The Ideal Situation

The reality is that email isn't going anywhere soon. And honestly, despite these email productivity tips and your best efforts to tame the email beast, your problems may not be entirely solved by simply getting organized. In many cases, the problem is that email is suffering from an identity crisis because we've tried to make it something it's not—namely, a project management tool. Email is a communications medium, a worthy substitute for snail mail and faxing. It simply wasn't designed to manage work requests, project collaboration, and other PM functions. That being said, the ideal situation might just be combining the undeniable utility and power of email with other applications better suited to work management.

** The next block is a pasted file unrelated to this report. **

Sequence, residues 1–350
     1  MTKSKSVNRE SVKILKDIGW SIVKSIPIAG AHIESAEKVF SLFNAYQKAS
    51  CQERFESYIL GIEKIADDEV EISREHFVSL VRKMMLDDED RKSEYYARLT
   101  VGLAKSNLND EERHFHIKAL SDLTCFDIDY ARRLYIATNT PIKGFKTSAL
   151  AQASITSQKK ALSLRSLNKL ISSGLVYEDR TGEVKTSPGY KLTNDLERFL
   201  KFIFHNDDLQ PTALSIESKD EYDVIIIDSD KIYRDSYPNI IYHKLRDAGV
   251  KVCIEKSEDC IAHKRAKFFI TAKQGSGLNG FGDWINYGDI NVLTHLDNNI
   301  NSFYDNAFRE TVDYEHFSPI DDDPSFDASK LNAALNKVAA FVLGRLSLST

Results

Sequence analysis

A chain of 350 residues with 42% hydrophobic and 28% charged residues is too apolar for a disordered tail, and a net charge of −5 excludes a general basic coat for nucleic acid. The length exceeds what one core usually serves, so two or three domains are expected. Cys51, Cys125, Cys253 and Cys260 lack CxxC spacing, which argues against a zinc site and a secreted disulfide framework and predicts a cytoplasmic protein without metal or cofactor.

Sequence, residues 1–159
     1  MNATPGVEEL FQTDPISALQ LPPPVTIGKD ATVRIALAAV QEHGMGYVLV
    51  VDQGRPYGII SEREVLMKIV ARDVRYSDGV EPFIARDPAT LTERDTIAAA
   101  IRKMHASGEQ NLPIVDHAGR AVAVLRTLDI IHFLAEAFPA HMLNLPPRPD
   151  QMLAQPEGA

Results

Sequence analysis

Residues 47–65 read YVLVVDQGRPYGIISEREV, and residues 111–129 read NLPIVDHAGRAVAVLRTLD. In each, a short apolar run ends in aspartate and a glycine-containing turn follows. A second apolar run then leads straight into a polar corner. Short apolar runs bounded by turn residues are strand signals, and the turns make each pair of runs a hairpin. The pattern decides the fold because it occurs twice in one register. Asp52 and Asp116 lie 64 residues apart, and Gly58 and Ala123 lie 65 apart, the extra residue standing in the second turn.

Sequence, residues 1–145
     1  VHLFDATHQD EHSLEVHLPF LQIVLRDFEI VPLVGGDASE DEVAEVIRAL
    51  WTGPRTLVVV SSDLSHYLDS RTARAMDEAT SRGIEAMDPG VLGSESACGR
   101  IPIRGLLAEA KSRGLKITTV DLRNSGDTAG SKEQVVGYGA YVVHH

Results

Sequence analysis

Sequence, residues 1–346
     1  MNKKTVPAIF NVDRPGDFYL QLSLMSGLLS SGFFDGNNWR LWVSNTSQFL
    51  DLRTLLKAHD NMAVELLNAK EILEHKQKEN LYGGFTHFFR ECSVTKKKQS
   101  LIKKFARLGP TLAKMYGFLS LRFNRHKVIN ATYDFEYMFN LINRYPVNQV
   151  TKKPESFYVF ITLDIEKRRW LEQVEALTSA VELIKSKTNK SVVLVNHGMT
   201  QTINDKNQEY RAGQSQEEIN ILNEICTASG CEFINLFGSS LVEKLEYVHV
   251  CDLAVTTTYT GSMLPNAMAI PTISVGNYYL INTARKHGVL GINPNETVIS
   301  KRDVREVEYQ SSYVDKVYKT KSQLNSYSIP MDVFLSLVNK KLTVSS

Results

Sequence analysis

To learn more about you can make your communications more efficient and manage your team's work better, download our free whitepaper "Tame the Work Circus: Master the Lifecycle of Work to Eliminate Project Pandemonium" today!

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About the Author

Marcus Varner

Marcus is a content strategist and producer who loves helping brands craft content that improves customers' lives, builds brand credibility, and demands to be shared. For the last 10 years, Marcus has worked in every type of content—from writing to video production to design—and is currently a senior content marketing manager at Workfront, where he oversees all corporate- and awareness-level level content. When he's not producing content, he's consuming it, in the form of books, movies, and podcasts.